The man who wrote some of the most powerful songs that are now engrained in American culture and the world’s consciousness has asked an award winning Minnesota songwriter and community builder to help him blow out the candles at his 90th birthday celebration at Madison Square Garden May 3, 2009.
Peter Seeger, the iconic folksinger who has inspired world class artists from Bob Dylan and Bruce Springsteen to Emmylou Harris, Joan Baez and countless others, has asked Smithsonian Folkways’ recording artist and south Minneapolis resident Larry Long to join him, plus more than 50 other performers such as Dave Matthews, Eddie Vedder, Steve Earle, The Preservation Hall Jazz Band, Ani DiFranco, Michael Franti, Springsteen and many others for the big event.
“I'd be proud to be known as 'the Larry Long of New York,'" Seeger recently said of Long in a story in the Star Tribune Lifestyle section about Long’s “Elder’s Wisdom, Children’s Song” ™ program run through Long’s nonprofit organization, “Community Celebration of Place.
The Minnesota troubadour has been doing similar events in communities all across America and abroad in countries such as Scotland, South Africa and Brazil for more than 25 years.
“The guy has never been recognized for a long life of wonderful work…" added the man who’s penned such classic tunes as “If I Had a Hammer,” “Turn Turn Turn”, “Where Have All the Flowers Gone” and many others… "He [Larry] has done decades of wonderful things and rarely got any publicity about it."
“Pete Seeger is like the Abe Lincoln of the American folk community,” Long says. “He casts a huge shadow. It's a great privilege to have lived in his time. And it’s a great honor to play for his birthday. He’s always been a mentor to others both as a musician and an activist. He’s the best kind of teacher, too: He teaches by doing. If you take all of the musicians who will be on stage at his 90th to honor him, and combine them into one, they would almost come close to the man Pete Seeger is."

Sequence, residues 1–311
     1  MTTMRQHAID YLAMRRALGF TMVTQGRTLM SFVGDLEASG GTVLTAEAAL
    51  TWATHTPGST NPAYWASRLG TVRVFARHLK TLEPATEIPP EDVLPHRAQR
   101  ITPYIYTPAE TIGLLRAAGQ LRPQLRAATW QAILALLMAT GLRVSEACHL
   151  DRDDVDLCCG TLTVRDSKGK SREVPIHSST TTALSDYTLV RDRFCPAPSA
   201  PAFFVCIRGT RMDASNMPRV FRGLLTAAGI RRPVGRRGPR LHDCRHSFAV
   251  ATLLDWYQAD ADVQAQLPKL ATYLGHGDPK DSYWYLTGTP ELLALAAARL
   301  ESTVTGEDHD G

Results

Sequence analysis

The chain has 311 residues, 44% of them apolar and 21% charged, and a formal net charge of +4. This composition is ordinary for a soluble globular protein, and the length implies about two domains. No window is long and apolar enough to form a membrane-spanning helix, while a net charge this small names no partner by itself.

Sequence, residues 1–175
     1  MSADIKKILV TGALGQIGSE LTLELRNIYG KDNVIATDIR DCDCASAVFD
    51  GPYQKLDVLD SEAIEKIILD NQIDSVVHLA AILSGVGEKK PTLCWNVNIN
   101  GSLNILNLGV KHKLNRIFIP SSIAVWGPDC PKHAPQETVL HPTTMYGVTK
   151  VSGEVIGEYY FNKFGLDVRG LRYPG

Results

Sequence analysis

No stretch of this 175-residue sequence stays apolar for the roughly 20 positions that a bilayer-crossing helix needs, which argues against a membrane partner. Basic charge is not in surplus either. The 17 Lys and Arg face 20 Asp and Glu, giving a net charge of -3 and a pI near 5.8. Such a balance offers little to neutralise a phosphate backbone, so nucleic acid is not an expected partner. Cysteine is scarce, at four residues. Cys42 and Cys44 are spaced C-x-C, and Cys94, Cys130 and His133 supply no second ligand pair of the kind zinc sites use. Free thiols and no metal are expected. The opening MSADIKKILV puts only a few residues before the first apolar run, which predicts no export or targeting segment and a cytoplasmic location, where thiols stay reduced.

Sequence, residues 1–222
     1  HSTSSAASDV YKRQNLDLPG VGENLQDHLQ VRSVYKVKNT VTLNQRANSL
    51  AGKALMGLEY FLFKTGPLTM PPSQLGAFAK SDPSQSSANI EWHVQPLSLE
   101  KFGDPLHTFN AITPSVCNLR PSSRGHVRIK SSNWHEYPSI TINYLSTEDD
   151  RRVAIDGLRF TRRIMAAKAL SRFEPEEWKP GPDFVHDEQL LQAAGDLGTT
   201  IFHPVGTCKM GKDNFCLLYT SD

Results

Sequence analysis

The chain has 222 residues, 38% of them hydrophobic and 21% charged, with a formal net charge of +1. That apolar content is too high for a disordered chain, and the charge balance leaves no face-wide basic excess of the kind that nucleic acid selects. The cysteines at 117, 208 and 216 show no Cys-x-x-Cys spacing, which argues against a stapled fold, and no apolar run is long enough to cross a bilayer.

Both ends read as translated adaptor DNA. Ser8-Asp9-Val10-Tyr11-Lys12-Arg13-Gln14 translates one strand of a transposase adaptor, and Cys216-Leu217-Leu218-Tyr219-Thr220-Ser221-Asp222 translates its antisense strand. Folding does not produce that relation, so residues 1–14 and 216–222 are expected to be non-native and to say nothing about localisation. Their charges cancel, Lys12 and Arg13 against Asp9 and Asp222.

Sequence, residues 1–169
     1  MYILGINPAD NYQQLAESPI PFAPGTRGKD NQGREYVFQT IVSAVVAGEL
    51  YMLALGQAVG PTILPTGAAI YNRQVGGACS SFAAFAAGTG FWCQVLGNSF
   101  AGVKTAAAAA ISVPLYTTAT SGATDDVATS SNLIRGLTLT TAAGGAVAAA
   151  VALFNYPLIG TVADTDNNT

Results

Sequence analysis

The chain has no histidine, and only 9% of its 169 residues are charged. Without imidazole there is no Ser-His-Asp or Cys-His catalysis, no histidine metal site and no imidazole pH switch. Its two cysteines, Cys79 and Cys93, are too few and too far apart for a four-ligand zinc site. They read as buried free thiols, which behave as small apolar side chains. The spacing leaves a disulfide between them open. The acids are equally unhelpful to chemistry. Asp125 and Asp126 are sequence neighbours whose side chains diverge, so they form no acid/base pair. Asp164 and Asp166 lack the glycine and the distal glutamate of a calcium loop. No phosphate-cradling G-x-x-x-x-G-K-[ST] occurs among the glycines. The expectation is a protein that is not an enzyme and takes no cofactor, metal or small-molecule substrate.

When Seeger Met Long…
Long has known Seeger as a friend, fellow musician, environmentalist, educator and activist since the ‘70s. Seeger played and sang on Long’s 2000 album Well May the World Go. He is also featured on the Smithsonian Folkways Children’s Music Collection with both Pete Seeger, Woody Guthrie and others. They met while Long was helping, traveling with and singing for the nation’s farmers during the famous farmer’s Tractorcade to Washington, D.C., in 1979.
Through the years, Long also helped Seeger to raise awareness, funds and greatly improve water quality in the Hudson River for Seeger’s Sloop Clearwater project (proceeds from the Madison Square Garden event will go to the Clearwater effort (www.clearwater.org). Long piloted a similar project along the mighty Mississippi River during the ‘80s, the “Mississippi River Revival.” And his community building efforts — taking a page or two from Woody Guthrie’s songbook and Seeger’s activist life — have earned him prestigious international recognition, including the Pope John XXIII Award, the Leadership in Neighborhood Fellowship Award, In The Spirit OF Crazy Horse award, a Parent’s Choice Award for producing with the Southern Poverty Law Center, I Will Be Your Friend, a songs and activities book for young peacemakers that teaches tolerance (SEE BIO at www.larrylong.org).
…and Long Reintroduced Woody to His Hometown
He was also instrumental in re-establishing Guthrie’s name in his own home town. After decades of shunning its native son, Long helped change the attitudes of people living in Okemah, Oklahoma. He organized with area school children the first hometown tribute for Woody on December 1, 1988, in what became an annual event that was eventually covered in 1990 by The Wall Street Journal with the telling headline: “This Is the Way the Cold War Ends, as a Hootenanny.” The Guthrie tribute was likewise featured on NBC’s Today Show with Lucky Severson and released on a sound recording entitled It Takes a Lot of People (Tribute to Woody Guthrie).
The success of Larry’s work in Okemah has now evolved into a yearly festival for Woody Guthrie. (www.woodyguthrie.com). On July 11th as part of WoodyFest Larry will be performing for the 20- year anniversary reunion of bringing Woody home to Okemah.
Looking forward to the Madison Square Garden birthday bash, Long adds, “Once you meet Pete Seeger, you end up doing a whole lot of more for other people than you ever imagined. He makes you feel like you can change the world, and before you know it, that’s exactly what you’ve done. May his spirit and tradition live long for many years to come. In times like these, we need that more than ever. ”
For more information about Pete Seeger’s 90th Birthday celebration, see www.Seeger90.com